with meekness and fear. She now became more careful than ever to act from Christian principle, taking the word of God as the rule of her conduct in everything. From this time it became her daily practice to read the word of God on her knees, beseeching its divine Author to give her a knowledge of its precepts, and ability to walk in them. Everything she did was made matter for prayer; and often was she overheard praying in a morning, that that day she might do nothing that would give her parents pain, or occasion her schoolmates to think unfavourably of religion. As she kept a short diary of God's dealings with her, a few brief extracts from it will serve to show what progress she made in the things of God.

On the 11th of December, 1842, she writes,-"! This day is one to be remembered. The Lord has set my soul at liberty. It has been a happy day to me: praise the Lord. May I never look back.” February 19th, 1843, she says,-“I have felt the Lord precious to my soul. I was much blessed at the throne of grace this afternoon. I am at present reading Miss Fishwick's Memoir. 0, that it may be the means of quickening me, and of making me more diligent! I feel I want a meek and quiet spirit, which, in the sight of God, is a pearl of great price. I thank God, I can call him my Father, although I am sometimes assailed with doubts and fears." February 21st, she writes,-“We this evening have received intelligence that makes my heart rejoice : Cousin Ann has begun to seek the Lord. May He keep her, and give her to feel that religion's ways are ways of pleasantness, and all her paths paths of peace. I have been much blessed at class this evening. I am sorry that this morning I in some degree yielded to temptation ; but while pleading with God I obtained forgiveness. What cause have I for thankfulness! May the Lord give me a grateful heart for the blessings I am daily receiving at his hands, both temporal and spiritual.”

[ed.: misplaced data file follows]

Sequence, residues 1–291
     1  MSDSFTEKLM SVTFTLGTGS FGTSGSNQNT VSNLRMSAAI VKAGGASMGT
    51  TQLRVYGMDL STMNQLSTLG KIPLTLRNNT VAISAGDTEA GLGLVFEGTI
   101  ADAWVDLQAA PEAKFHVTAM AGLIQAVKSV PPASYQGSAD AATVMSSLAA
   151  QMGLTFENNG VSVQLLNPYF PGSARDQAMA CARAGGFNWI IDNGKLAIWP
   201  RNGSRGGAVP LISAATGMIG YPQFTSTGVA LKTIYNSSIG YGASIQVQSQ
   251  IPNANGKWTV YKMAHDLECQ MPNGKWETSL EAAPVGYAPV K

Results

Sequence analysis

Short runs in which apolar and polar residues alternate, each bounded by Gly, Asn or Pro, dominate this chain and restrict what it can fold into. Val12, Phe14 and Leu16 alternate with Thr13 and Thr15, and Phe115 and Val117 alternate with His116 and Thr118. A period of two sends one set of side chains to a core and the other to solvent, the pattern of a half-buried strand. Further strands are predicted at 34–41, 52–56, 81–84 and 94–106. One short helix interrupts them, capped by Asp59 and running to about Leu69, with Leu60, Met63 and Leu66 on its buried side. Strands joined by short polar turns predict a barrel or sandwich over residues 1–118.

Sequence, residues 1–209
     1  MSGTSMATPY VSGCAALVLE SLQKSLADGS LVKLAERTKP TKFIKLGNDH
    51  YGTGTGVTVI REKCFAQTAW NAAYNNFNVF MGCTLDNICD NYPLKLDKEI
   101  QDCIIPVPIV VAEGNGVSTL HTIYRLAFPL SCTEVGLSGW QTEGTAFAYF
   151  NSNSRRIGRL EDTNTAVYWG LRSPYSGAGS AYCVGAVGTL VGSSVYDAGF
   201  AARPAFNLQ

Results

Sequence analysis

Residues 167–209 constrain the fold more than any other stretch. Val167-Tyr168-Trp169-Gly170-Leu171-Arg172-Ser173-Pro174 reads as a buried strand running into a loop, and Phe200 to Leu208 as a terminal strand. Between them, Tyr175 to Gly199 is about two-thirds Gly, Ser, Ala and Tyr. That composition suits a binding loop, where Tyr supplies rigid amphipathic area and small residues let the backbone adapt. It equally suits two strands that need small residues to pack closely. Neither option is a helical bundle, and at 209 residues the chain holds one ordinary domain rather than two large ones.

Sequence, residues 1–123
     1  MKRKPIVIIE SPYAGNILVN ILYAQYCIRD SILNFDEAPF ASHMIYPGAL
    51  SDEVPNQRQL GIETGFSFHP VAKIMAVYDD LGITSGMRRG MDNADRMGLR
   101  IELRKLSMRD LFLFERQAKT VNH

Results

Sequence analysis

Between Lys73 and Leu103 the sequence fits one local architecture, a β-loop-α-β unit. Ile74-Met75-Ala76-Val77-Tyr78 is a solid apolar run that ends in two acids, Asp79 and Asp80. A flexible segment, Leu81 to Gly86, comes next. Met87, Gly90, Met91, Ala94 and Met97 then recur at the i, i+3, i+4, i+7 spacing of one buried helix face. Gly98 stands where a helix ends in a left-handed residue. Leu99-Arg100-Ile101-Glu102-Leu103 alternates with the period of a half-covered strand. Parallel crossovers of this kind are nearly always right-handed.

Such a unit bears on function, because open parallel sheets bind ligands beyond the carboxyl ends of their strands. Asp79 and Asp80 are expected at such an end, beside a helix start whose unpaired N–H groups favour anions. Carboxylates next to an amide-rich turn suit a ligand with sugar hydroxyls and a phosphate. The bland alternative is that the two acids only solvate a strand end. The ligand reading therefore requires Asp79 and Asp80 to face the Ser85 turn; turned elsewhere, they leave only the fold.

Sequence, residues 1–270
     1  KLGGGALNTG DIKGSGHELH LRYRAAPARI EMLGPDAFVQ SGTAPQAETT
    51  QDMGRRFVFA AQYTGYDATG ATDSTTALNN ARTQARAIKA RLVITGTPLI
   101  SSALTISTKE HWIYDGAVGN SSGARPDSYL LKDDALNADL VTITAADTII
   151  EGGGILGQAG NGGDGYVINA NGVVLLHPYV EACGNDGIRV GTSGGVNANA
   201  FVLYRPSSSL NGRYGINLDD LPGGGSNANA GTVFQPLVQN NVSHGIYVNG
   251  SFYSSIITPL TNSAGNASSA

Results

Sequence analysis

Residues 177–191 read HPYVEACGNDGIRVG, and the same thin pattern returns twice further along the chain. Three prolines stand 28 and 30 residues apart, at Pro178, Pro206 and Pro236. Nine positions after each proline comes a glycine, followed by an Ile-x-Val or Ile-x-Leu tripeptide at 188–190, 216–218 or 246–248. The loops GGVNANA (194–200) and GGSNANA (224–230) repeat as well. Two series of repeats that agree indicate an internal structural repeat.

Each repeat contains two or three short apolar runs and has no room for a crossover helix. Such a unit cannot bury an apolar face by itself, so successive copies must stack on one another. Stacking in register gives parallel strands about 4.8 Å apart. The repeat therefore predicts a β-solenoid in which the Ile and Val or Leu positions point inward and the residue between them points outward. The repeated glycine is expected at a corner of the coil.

Having for some time omitted making any entries in her diary, on July 16th, 1843, she observes,—“It is a long time since I wrote ; but the Lord has been with me and doing me good. This morning my thoughts wandered a little, but towards evening all was happy within. I feel an efficacy in the blood of Christ : praised be God! I have lately felt it to be both my duty and my privilege, as a believer in Christ, to be made perfect in holiness. I do feel a deadness to the world ; and I can say, 'I live, yet not I, but Christ liveth in me.' I have at times, latterly, had sweet communion with God. O that it were constant! Love so amazing, so divine, demands my soul, my life, my all. And why should it not be so ? Lord, help my unbelief.”